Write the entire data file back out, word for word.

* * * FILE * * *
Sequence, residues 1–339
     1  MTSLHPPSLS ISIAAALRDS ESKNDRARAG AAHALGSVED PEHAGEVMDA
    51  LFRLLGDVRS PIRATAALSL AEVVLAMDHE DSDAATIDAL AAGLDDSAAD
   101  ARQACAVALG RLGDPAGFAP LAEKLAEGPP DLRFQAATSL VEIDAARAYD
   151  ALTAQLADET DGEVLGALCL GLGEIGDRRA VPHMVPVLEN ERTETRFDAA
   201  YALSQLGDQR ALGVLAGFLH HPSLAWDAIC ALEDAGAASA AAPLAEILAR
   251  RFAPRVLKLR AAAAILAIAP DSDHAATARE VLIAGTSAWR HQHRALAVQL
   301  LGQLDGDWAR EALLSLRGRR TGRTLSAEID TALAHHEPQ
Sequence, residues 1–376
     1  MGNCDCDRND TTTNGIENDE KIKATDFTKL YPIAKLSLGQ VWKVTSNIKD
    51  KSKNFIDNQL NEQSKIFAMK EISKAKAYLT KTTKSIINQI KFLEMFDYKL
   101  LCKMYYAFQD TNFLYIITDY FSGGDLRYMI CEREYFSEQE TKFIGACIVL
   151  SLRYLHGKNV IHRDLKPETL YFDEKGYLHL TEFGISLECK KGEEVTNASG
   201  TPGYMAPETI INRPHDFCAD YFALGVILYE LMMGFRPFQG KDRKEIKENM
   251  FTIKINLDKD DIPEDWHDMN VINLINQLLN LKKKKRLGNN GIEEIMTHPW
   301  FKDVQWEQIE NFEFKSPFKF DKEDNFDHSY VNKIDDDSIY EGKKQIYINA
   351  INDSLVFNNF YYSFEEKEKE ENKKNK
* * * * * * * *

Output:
Sequence, residues 1–339
     1  MTSLHPPSLS ISIAAALRDS ESKNDRARAG AAHALGSVED PEHAGEVMDA
    51  LFRLLGDVRS PIRATAALSL AEVVLAMDHE DSDAATIDAL AAGLDDSAAD
   101  ARQACAVALG RLGDPAGFAP LAEKLAEGPP DLRFQAATSL VEIDAARAYD
   151  ALTAQLADET DGEVLGALCL GLGEIGDRRA VPHMVPVLEN ERTETRFDAA
   201  YALSQLGDQR ALGVLAGFLH HPSLAWDAIC ALEDAGAASA AAPLAEILAR
   251  RFAPRVLKLR AAAAILAIAP DSDHAATARE VLIAGTSAWR HQHRALAVQL
   301  LGQLDGDWAR EALLSLRGRR TGRTLSAEID TALAHHEPQ
Sequence, residues 1–376
     1  MGNCDCDRND TTTNGIENDE KIKATDFTKL YPIAKLSLGQ VWKVTSNIKD
    51  KSKNFIDNQL NEQSKIFAMK EISKAKAYLT KTTKSIINQI KFLEMFDYKL
   101  LCKMYYAFQD TNFLYIITDY FSGGDLRYMI CEREYFSEQE TKFIGACIVL
   151  SLRYLHGKNV IHRDLKPETL YFDEKGYLHL TEFGISLECK KGEEVTNASG
   201  TPGYMAPETI INRPHDFCAD YFALGVILYE LMMGFRPFQG KDRKEIKENM
   251  FTIKINLDKD DIPEDWHDMN VINLINQLLN LKKKKRLGNN GIEEIMTHPW
   301  FKDVQWEQIE NFEFKSPFKF DKEDNFDHSY VNKIDDDSIY EGKKQIYINA
   351  INDSLVFNNF YYSFEEKEKE ENKKNK